solutions for a

0

> n when k = 0, a contradiction.

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2.4 Proof of Theorems 1.0.1 and 1.0.3

We are now in a position to convert the counts in Theorems 1.0.1 and 1.0.3 to a result on a vector-valued counting function on the orbit of Λ acting on z

(0)

∈ M. We wish to make explicit the relationship between the moves λ

j

acting on a tuple z ∈ M and the moves m

j

acting on a tuple x ∈ V (Z

+

). This will allow us to translate a count on M to a count on V (Z

+

), which is nontrivial as the multiplicity of the ordering map on tuples in V (Z

+

) is not necessarily one (due to the possibility of tuples with duplicate entries).

Recall Proposition 1.0.4 from Chapter 1 which provides an asymptotic formula for

X

l=0

X

λ∈SΛ(l)

1{(λ.z)

n

≤ a

n−21

R}ρ(c

lq

(λ)).φ

We will prove this proposition in Chapter 3. For now, we assume that this Proposition 1.0.4 is true, and use this to prove Theorems 1.0.1 and 1.0.3. First we carefully set up a way to convert between orbits of the form Λ.z

(0)

to orbits over solutions to the original (1.1).

Definition 2.4.1. For unexceptional x ∈ V (Z

+

) \ K

0

we define a sequence

j

1

, j

2

, j

3

, . . . , j

l

to be admissible for x if j

1

is not the largest coordinate of x and j

l

6= j

l−1

for all l ≤ 2.

Let Σ

(x) denote the set of all finite admissible sequences for x.

We observe that by Proposition 2.1.2 Part 3, the largest entries of the sequence

x

(l)

= m

jl

m

jl−1

. . . m

j2

m

j1

x

are increasing in l, and therefore x

(l)

∈ V (Z

+

) \ K

0

for all l ≥ 1 when x ∈ V (Z

+

) \ K

0

.

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Lemma 2.4.2. For each x ∈ V (Z

+

) \ K

0

, the map φ

x

: Σ

(x) → V (Z

+

) given by φ

x

(j

1

, j

2

, j

3

, . . . , j

l

) = m

jl

m

jl−1

m

jl−2

. . . m

j2

m

j1

x

is injective. Furthermore, for x, x

0

∈ V (Z

+

) \ K

0

the images of φ

x

and φ

x0

are disjoint unless either x

0

∈ image(φ

x

) or x ∈ image(φ

x0

). In particular, the images of φ

x

and φ

x0

are disjoint if x and x

0

are distinct permutations of one another.

Proof. By Proposition 2.1.2 Part 3, the set of tuples {m

j1

(x)} with j

1

admissible are clearly distinct.

To show that φ

x

is injective, we observe that if m

j

(x) = m

j0

(x

0

) for some x, x

0

∈ V (Z

+

) \ K

0

and some j, j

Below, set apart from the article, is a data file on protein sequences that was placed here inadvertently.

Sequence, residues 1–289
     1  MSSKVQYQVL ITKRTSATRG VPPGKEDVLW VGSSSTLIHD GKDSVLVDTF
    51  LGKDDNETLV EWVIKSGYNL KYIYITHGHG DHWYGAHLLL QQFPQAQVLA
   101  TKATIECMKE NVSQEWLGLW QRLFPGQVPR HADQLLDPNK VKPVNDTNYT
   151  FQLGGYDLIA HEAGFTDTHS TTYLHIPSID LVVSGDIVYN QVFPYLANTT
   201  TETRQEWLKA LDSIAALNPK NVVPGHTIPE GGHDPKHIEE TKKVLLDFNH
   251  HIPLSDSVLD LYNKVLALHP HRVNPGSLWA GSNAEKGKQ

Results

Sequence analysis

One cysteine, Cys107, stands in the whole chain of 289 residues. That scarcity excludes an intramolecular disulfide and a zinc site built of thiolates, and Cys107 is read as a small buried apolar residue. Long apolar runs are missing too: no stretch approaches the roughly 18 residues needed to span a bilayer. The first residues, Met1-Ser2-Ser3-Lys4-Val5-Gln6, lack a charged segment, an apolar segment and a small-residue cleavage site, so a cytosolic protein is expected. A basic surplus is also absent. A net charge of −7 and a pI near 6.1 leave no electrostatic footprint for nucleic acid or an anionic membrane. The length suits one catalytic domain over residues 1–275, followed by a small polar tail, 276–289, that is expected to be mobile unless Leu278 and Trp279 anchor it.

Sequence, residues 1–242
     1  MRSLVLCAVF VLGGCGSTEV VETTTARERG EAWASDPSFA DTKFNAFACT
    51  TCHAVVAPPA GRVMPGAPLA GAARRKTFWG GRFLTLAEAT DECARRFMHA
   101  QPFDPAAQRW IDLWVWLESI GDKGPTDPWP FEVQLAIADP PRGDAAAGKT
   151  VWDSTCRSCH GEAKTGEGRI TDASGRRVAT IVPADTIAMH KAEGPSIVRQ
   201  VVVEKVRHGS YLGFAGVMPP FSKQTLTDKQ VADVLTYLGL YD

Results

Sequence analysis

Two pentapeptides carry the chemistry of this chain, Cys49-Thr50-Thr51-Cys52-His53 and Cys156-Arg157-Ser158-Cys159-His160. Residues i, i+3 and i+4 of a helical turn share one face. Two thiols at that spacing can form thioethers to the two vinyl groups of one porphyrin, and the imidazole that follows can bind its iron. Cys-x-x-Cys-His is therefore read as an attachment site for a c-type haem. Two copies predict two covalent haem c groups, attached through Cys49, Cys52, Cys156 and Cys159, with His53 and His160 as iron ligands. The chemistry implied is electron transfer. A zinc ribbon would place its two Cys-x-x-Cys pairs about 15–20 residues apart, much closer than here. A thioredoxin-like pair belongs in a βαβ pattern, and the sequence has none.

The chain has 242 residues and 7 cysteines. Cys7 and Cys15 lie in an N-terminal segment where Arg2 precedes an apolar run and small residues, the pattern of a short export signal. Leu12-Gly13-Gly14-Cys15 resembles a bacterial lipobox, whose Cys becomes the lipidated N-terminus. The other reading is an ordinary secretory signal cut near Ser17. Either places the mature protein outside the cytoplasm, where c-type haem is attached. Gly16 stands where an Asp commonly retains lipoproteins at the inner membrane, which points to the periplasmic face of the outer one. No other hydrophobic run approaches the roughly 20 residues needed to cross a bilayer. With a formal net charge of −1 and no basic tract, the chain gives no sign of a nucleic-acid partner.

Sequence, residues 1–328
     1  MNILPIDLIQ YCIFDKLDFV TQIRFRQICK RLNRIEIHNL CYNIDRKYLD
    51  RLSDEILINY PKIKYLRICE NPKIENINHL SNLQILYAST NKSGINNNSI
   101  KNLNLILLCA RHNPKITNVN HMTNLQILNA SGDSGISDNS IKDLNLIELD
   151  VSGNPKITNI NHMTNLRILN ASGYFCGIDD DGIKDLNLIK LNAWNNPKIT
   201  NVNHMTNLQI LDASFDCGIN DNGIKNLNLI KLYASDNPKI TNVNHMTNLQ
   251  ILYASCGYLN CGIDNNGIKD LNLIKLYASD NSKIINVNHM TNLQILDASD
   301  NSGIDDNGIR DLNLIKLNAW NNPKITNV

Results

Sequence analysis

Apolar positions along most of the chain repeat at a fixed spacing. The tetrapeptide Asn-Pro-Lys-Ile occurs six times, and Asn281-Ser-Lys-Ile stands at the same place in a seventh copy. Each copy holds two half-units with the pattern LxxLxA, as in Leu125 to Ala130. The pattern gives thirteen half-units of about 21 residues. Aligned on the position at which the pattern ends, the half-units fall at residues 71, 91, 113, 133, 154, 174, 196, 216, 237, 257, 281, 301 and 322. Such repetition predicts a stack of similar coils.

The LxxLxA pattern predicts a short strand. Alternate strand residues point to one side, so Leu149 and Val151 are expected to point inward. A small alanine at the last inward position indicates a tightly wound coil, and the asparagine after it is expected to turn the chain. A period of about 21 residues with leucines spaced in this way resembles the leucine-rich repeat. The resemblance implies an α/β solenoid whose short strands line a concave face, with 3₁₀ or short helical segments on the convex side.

0

admissible for x, x

0

respectively, then by Proposition 2.1.2 Part 2 we may compare largest entries and conclude that j = j

0

. Applying m

j

to both sides yields x = x

0

. Thus, φ

x

is injective.

Now suppose that x

0

6∈ image(φ

x

) and x 6∈ image(φ

x0

), but image(φ

x

) ∩ image(φ

x0

) 6=

∅. Then, there exists x

(1)

∈ image(φ

x

), x

(2)

∈ image(φ

x0

) with x

(1)

6= x

(2)

but m

j

(x

(1)

) = m

j0

(x

(2)

) for j, j

0

admissible for x

(1)

, x

(2)

respectively. However, by the above argument, this cannot occur.

Lemma 2.4.3. For distinct x

(1)

∈ z

−1

(z

(1)

), the images of the maps λ 7→ φ

x(1)

−1x(1)

(λ)) are disjoint.

Proof. For distinct x

(1)

6= x

(1)0

∈ z

−1

(z

(1)

) we observe that x

(1)

6∈ image(φ

x(1)

)

, as the largest entry of every element in φ

x(1)

is larger that all elements of x

(1)

(and thus

x

(1)0

). Hence, the result follows from the second part of Lemma 2.4.2.

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Lemma 2.4.4. For unexceptional x ∈ V (Z

+

) \ K

0

, there exists a bijection

Θ

x

: Σ

(x) → Λ

that is an intertwiner for the map x

0

7→ z(x

0

) in the sense that

Θ

x

(j

1

, j

2

, · · · , j

l

).z(x) = z(φ

x

(j

1

, j

2

, · · · , j

l

))

for all (j

1

, j

2

, · · · , j

l

) ∈ Σ

(x).

Proof. If x

0

is ordered such that x

01

≤ x

02

≤ . . . x

0n

, then the admissible sequences of length 1 are exactly j = 1, 2, . . . , n − 1 and we may map j 7→ λ

j

. Otherwise, fix an ordering of x

0

, and then apply this natural map.

By repeating this process, we obtain the result for sequences of arbitrary length.

By the above and Corollary 2.1.4, it is clear that we have a finite set ∂K

0

⊂ V (Z

+

) of root solutions where we may express

V (Z

+

) = K

0

 [

x(0)∈∂K0

[

s∈Σ(x(0))

φ

x(0)

(s)



. (2.4)

We will let ∂K = z(∂K

0

).

2.4.1 Proof of Theorem 1.0.1

Proof of Theorem 1.0.1. By (2.4) we may express the count in Theorem 1.0.1 as the sum

|V (Z

+

) ∩ B(R) ∩ | = |K

0

∩ B(R)| + X

x(0)∈∂K0

X

s∈Σ(x(0))

1{(φ

x(0)

(s))

max

≤ R}.

Up to a O(1) error from the compact set K

0

, the above expression is X

x(0)∈∂K0

X

s∈Σ(x(0))

1{z(φ

x(0)

(s))

n

≤ a

n−21

R} (2.5)